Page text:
Now let us get to my history with this historic rail line. It started with me buying the book "San Diego & Arizona - the Impossible Railroad" by Robert M. Hanft which is where I attained some of the material for part of the story above. I saw the great pictures and read the text which made me want to ride this railroad someday. My riding started on the San Diego Railroad Museum at Campo on their train ride east to Miller Creek in 1983. Next was the trip from Campo to San Diego via Tecate and Tijuana on March 30th, 1984. It got sober on January 18th, 1995 and to prove to myself and to my parents that I could ride a train in Mexico sober I rode a San Ysidro to Tecate Excursion Train on February 24th, 1996. A Trip later that year to Campo provided a steam train ride to Miller Creek behind ex Southern Pacific 4-6-0 2353 on September 21st, 1996. My next trip on the railroad on April 26th, 1997 was on the Jacumba and Beyond Excursion which took us east of Miller Creek, over the Upper Campo Creek Viaduct to a point near Dubbers near the entrance to the Carrizo Gorge. All of these trips have been discussed earlier. I had ridden this far on the San Diego & Arizona Railroad but I knew it would take something truly special to happen so that I could ride into the Carrizo Gorge. The name of that special thing was the Carrizo Gorge Railroad.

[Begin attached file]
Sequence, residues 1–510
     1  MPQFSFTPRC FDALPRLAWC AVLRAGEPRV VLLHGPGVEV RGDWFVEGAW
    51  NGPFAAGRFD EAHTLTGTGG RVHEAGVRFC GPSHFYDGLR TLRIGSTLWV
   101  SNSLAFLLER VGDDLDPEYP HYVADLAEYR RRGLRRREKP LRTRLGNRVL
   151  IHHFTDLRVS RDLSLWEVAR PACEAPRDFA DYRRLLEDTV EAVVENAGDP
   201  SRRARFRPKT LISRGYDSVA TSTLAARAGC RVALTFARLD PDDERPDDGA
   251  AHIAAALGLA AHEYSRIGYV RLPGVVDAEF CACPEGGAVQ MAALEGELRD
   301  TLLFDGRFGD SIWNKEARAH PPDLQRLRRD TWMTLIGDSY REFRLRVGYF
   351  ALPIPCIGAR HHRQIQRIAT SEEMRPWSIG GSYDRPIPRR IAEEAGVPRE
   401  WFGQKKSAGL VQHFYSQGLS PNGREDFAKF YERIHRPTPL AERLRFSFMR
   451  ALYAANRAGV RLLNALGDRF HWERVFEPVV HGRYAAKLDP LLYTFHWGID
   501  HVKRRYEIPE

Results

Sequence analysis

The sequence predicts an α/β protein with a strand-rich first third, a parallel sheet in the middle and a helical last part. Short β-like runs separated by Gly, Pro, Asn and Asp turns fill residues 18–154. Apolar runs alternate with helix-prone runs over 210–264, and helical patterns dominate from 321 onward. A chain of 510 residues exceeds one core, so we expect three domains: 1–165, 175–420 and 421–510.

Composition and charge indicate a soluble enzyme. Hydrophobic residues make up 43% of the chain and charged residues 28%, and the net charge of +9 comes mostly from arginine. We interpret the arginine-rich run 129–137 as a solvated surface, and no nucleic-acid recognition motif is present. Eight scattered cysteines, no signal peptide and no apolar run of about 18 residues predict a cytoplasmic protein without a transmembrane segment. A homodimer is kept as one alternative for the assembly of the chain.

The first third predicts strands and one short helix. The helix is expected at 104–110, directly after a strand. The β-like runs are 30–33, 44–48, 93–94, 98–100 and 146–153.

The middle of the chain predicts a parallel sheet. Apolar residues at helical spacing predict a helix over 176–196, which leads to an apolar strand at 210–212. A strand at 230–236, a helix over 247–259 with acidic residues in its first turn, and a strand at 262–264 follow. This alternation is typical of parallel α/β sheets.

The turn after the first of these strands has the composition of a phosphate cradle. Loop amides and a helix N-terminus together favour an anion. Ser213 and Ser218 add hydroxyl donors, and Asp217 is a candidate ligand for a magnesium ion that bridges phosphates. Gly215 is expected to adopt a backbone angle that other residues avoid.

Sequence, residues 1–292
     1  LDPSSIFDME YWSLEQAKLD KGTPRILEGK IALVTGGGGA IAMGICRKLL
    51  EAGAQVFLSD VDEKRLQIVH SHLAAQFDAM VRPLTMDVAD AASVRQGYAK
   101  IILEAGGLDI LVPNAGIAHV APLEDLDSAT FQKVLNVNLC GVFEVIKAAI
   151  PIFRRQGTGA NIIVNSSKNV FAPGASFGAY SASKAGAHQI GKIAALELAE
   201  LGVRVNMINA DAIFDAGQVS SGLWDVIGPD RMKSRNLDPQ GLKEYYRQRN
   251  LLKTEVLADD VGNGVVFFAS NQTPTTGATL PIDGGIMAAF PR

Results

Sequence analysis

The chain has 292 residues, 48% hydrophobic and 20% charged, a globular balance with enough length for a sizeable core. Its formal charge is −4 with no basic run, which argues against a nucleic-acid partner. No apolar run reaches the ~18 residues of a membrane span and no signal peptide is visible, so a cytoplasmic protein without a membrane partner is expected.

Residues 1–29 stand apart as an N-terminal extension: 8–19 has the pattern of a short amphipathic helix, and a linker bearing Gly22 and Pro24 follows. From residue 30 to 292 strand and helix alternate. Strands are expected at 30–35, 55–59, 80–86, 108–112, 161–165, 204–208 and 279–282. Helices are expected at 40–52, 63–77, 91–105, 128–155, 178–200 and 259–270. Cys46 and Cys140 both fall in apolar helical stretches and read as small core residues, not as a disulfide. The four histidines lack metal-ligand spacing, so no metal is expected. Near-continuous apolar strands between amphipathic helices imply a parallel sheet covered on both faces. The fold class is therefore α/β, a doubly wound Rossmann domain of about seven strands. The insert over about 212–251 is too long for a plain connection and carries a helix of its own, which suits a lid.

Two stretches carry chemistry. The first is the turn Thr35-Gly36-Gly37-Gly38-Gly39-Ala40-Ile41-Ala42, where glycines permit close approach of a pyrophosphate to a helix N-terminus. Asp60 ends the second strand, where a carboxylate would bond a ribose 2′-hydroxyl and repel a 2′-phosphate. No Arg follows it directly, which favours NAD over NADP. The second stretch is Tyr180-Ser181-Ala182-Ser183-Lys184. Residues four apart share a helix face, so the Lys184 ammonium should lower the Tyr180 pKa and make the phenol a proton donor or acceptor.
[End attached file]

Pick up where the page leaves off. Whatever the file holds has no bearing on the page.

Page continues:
It all started with Altamont Press' "" posting a story on the November 17th, 2003 that ran in the Imperial Valley News called "Tour underscores tenacity needed to complete link". In that article they mentioned more trips to be run in the future. Richard Elgenson, a very good friend and fellow Trainweb reporter, called the Carrizo Gorge Railroad speaking with Geoffrey Shuerman who invited Richard and I aboard a special train to be run from Jacumba to Tunnel Number 16 on December 6th, 2003. Planning then started for this very special trip. Richard took care of the hotel and we were set to leave on December 5th.

Heading for Jacumba 12/05/2003

Richard picked me up and we were on the highway by 3:00 PM driving south towards the San Diego area. We hit San Diego rush hour traffic first on the southbound Interstate 5 near Del Mar which took us onto Interstate 805 which was not any better. We headed east on California 52 which was another slow go. It finally broke loose and we turned south on CA 126 which was fine until it was time to get onto the on ramp for the transition to Interstate 8 where we ground to a stop and go situation. We decided to find the In and Out in El Cajon for dinner and enjoyed our meals plus the time out of the traffic. Traffic was much better as we traveled I 8 east the remaining 14 miles to Alpine where we stayed the night at the very rustic Country Inn.